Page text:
Jul 26 2016
In May 2016, the RBA announced new standards relating to merchant surcharges on credit and debit card schemes after a review into card payment systems identified instances of merchants charging customers excessive surcharges. Three new standards will be implemented which aim to reduce processing surcharges for consumers using card payments. The new standards will also be extended to include previously excluded American Express and Diners Club card reward schemes. While these new standards may reduce the interchange fees generated per transaction, they will potentially boost payment volumes for consumers’ debit and credit cards, benefiting Australian credit card processors.
Current interchange fee standards require the weighted-average value of the interchange fees charged to comply with caps established by the RBA. Merchants are permitted to impose a surcharge on customers paying with a credit card, to enable the merchant to pass on the cost of accepting card payments to the consumer. However, some merchants have demanded excessive surcharges to process card payments. The RBA has therefore established three new standards to reduce instances of disproportionate surcharges.
The first standard caps the weighted average interchange fee for the credit card system at 0.5% on a rolling annual basis, with a maximum of 0.8% for individual interchange rates. The second standard lowers the weighted average benchmark for debit card systems from 12 cents to 8 cents, with fees not permitted to exceed 15 cents if levied on a fixed amount basis, or 0.2% on a percentage basis. The third standard applies to merchants, and forbids the permitted surcharge imposed to exceed the cost of accepting the card payment. The ACCC will enforce compliance. These new regulations will take effect over the next two years, with the timeframe varying depending on the merchant’s size.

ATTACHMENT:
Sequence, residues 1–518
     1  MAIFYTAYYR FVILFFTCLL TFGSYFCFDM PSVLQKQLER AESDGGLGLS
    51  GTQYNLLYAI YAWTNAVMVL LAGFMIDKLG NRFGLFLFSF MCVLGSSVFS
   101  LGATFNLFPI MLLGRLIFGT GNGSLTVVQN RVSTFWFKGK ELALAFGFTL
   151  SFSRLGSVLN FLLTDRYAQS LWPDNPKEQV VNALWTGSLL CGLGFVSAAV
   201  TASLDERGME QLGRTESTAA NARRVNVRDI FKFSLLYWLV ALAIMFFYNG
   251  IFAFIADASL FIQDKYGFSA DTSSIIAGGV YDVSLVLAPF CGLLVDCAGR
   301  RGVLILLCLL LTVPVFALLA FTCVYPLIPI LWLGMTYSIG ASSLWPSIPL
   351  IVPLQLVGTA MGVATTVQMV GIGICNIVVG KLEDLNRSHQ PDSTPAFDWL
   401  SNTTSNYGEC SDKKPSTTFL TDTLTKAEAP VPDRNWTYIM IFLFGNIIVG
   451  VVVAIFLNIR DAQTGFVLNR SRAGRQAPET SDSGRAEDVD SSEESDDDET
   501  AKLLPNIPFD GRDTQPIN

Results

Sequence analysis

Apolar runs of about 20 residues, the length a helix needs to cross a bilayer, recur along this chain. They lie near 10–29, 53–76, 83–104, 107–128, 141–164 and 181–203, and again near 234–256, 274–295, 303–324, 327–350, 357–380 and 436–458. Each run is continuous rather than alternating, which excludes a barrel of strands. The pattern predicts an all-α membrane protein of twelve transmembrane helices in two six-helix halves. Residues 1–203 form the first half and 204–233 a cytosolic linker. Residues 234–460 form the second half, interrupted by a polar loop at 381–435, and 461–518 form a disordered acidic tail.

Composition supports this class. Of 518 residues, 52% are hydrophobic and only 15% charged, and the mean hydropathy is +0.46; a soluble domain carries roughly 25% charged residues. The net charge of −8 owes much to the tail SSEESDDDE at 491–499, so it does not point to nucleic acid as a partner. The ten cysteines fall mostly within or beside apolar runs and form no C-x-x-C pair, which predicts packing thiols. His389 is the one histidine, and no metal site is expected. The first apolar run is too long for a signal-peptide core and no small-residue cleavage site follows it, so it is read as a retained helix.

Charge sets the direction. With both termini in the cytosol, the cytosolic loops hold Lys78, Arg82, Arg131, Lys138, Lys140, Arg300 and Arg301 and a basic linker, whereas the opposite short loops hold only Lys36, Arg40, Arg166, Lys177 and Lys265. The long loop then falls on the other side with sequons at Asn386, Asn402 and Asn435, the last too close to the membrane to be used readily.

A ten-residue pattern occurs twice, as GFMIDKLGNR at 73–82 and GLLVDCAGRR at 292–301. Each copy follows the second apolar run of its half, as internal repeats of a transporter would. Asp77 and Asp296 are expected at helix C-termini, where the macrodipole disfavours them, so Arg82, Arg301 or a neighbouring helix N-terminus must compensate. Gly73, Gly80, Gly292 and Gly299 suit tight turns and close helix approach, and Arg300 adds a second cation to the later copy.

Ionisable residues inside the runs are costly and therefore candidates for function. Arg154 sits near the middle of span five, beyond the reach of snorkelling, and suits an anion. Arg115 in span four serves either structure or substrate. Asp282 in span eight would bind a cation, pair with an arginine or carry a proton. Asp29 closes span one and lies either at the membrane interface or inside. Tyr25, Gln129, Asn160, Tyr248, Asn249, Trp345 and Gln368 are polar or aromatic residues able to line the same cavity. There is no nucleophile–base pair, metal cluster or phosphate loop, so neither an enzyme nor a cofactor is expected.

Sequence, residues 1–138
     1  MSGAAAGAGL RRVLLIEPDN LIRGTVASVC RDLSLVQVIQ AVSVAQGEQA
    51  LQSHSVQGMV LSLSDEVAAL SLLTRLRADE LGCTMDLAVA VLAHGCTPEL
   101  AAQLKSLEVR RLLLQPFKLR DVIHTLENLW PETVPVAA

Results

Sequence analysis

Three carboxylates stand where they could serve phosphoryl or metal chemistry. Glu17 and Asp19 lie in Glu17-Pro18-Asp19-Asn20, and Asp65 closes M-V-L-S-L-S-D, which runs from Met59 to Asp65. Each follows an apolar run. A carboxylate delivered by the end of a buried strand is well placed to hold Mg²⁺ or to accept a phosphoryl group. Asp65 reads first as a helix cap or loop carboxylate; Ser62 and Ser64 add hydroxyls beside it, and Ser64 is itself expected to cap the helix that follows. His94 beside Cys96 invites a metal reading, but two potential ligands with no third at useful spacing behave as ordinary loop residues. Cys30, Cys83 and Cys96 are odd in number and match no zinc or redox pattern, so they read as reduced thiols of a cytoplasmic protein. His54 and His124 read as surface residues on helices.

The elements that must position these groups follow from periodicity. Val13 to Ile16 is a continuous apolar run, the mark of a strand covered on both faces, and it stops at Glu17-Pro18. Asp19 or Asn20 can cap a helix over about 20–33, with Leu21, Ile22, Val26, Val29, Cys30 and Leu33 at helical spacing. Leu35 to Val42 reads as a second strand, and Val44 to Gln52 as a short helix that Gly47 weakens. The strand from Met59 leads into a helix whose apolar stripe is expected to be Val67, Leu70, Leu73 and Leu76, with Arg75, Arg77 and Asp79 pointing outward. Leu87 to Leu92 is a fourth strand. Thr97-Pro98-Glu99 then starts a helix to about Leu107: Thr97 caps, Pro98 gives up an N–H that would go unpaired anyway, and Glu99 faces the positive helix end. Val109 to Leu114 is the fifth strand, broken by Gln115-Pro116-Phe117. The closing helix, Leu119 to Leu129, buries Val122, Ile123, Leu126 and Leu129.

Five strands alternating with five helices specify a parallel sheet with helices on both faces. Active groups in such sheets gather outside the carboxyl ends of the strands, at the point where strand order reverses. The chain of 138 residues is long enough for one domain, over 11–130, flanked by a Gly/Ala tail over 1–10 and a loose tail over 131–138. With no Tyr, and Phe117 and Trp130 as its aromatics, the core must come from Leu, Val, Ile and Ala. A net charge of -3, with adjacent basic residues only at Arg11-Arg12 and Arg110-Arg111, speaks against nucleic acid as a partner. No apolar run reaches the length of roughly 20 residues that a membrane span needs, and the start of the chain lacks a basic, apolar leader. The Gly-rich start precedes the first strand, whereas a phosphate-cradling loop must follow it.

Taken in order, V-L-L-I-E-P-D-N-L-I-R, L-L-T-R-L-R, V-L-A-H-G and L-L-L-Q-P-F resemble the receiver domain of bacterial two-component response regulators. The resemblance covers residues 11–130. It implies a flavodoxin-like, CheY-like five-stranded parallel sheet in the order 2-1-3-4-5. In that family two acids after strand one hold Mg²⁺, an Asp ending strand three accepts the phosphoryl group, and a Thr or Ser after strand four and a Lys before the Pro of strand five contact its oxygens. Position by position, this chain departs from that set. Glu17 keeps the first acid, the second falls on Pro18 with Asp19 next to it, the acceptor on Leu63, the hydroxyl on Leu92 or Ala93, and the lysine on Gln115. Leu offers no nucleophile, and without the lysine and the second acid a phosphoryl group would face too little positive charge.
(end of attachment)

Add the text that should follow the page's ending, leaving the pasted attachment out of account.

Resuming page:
These reforms are expected to have a positive effect on local credit card processors. Five credit and debit card processors operate in Australia: Visa, MasterCard, American Express, Diners Club, and EFTPOS. These companies submit customer card transactions to card issuers (usually a bank) for authorisation. Although the reforms are expected to reduce revenue generated from transaction-based interchange fees, the anticipated uptick in credit and debit card use by consumers will likely offset the effect of lower fees by increasing the volume of transactions processed.
Revenue for the credit card processing industry has grown over the past five years. Operators have benefited from the rising uptake of non-cash and contactless forms of payment over the past five years. Australia is a global leader in adopting non-cash and contactless payments, with cash expected to be used for less than half of all transactions in 2016-17, and make up about 1% of total payments value. According to the RBA, transactions using credit or debit cards averaged about 275 per person in 2015, representing a 57% increase from five years earlier.
Credit card processors’ revenue has also been supported by rising household consumption expenditure on consumer goods, and the growing popularity of online shopping. Growing demand for consumer goods represents an increase in the value of transactions processed by industry operators. The Australian consumer goods retail subdivision is expected to be worth $161.4 billion in 2016-17, making it a key source of revenue for industry operators. The rapid adoption of non-cash and contactless payments is anticipated to continue over the next five years as Australia gradually shifts towards a cashless society.